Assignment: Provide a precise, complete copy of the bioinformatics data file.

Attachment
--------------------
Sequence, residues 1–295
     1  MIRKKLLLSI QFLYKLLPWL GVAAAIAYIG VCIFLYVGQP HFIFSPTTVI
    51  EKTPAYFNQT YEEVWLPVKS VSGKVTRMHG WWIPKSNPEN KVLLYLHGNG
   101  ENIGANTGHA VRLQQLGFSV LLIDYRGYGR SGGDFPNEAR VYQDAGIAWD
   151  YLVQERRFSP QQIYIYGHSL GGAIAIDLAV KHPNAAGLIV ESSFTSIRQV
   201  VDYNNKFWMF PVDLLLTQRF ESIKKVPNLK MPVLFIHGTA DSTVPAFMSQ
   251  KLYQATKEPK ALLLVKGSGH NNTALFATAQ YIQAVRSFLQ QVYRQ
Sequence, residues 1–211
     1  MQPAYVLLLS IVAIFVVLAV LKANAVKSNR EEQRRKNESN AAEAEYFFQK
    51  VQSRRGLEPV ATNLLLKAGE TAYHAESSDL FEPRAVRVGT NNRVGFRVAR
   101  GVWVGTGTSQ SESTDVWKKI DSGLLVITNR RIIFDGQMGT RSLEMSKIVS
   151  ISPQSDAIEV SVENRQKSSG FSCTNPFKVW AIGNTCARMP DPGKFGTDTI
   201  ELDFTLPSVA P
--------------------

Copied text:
Sequence, residues 1–295
     1  MIRKKLLLSI QFLYKLLPWL GVAAAIAYIG VCIFLYVGQP HFIFSPTTVI
    51  EKTPAYFNQT YEEVWLPVKS VSGKVTRMHG WWIPKSNPEN KVLLYLHGNG
   101  ENIGANTGHA VRLQQLGFSV LLIDYRGYGR SGGDFPNEAR VYQDAGIAWD
   151  YLVQERRFSP QQIYIYGHSL GGAIAIDLAV KHPNAAGLIV ESSFTSIRQV
   201  VDYNNKFWMF PVDLLLTQRF ESIKKVPNLK MPVLFIHGTA DSTVPAFMSQ
   251  KLYQATKEPK ALLLVKGSGH NNTALFATAQ YIQAVRSFLQ QVYRQ
Sequence, residues 1–211
     1  MQPAYVLLLS IVAIFVVLAV LKANAVKSNR EEQRRKNESN AAEAEYFFQK
    51  VQSRRGLEPV ATNLLLKAGE TAYHAESSDL FEPRAVRVGT NNRVGFRVAR
   101  GVWVGTGTSQ SESTDVWKKI DSGLLVITNR RIIFDGQMGT RSLEMSKIVS
   151  ISPQSDAIEV SVENRQKSSG FSCTNPFKVW AIGNTCARMP DPGKFGTDTI
   201  ELDFTLPSVA P